3 Adelaide St, London, England, United Kingdom
Once on Strand, keep an eye out for a staircase between a Starbucks and Paperchase. Go down and enter an underground arcade. Walk along the sticky floor speckled with globs of old gum, then swing right, and you’ll arrive at the world’s oldest family-run magic emporium.
Davenports Magic Shop opened in 1898, and has something for everyone, from newbies buying their first deck of cards to veterans with more than a few schemes up their sleeves. Browsing its stock is like dipping your hand into a magician’s hat—you never know what wonders you’ll uncover. The shelves lining the small, red-carpeted store are stuffed with all sorts of books, out-of-print editions, DVDs, cards, and other tools of the trade.
7 Charing Cross Underground Arcade, The Strand, London, England, United Kingdom
On October 16, 1987, the “Great Storm” tore through London, where winds topped 98 miles per hour and knocked down 250,000 of the city’s trees. Twenty-two human fatalities were reported in England, France, and the Channel Islands, and England lost a total of 15 million trees that night. In the aftermath, the Evening Standard newspaper raised £60,000 to plant new trees in each of London’s 32 boroughs and the City of London. This English oak was planted a year after the terrible storm. Now, commuters rushing to and from Charing Cross station likely pass through the living monument’s dappled shadow without a second glance. A plaque attached to a nearby pillar tells the tree’s history, and a second plaque installed in 2017 honors Angus McGill, the newspaper columnist who spearheaded the fundraising effort.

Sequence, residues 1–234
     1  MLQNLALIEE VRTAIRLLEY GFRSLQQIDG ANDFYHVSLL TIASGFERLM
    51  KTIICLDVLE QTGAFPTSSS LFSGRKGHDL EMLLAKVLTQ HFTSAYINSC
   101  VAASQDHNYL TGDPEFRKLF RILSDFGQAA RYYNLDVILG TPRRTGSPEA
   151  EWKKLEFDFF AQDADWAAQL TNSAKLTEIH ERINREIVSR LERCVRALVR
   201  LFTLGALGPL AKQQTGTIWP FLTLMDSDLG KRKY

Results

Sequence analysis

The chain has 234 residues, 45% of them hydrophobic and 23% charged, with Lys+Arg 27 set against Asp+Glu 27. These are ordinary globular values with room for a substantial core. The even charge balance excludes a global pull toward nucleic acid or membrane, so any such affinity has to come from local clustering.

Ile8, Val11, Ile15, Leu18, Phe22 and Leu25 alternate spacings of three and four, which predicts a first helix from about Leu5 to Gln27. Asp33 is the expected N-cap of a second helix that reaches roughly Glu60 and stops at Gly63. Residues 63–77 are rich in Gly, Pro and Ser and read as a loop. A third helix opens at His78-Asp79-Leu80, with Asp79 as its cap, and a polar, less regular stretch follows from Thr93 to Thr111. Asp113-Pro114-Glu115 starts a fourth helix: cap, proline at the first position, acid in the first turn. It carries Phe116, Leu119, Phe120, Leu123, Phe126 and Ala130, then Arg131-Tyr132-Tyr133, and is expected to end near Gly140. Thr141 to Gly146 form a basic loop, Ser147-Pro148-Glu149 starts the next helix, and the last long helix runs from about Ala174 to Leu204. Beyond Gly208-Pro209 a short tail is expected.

Villiers St, London, England, United Kingdom
Head down Villiers Street toward the Victoria Embankment Gardens. There, you’ll spot an ornate, Italianate water gate sitting atop a bed of dirt and greenery. Before the Victoria Embankment was constructed in 1862, changing the river’s course as it modernized the city's sewer system and reduced traffic along the Strand, this gate sat on the northern edge of the River Thames for more than 200 years. It served as a waterfront entrance to the esteemed York House mansion, one of the fancier homes that dotted this stretch of prime riverside real estate. Boats would pull right up to its stairs, depositing passengers in the property’s back gardens. Departing guests could huddle beneath the gate’s two arches while waiting for their watercraft to arrive. Today, the gate is surrounded by solid ground, more than 300 feet from the shore. It’s a relic of the river’s old path and a reminder of the now-demolished mansion it once served.
Watergate Walk, London, England, United Kingdom
Tucked in the basement of the College of Optometrists is the British Optical Association Museum, home to a curious collection of ocular objects. The now-defunct British Optical Association opened the museum—the world's oldest of its kind—in 1901 to record the development of corrective eyewear, and its collection has continued to grow. Though thousands of visitors come to Trafalgar Square every day, only about 1,000 guests dip inside this appointment-only museum each year.
A guided tour of the museum’s two rooms reveals a unique feast for the eyes, as well as a crash course in all things optical. With the collection’s curator as your guide, your introduction comes from the man who knows it best. Glasses and glass eyeballs gaze at you from beneath their cases, and you’ll find shelves stuffed with eye-related art and artifacts, including an eye of Horus. Tacked to the wall, there's a plaster cast of a 15th-century nun wearing spectacles, a replica of a real corbel from an English church. Look for the plush chicken donning “pecktacles,” frames industrial farmers once used to keep the birds from pecking at each others’ eyes.
42 Craven St, London, England, United Kingdom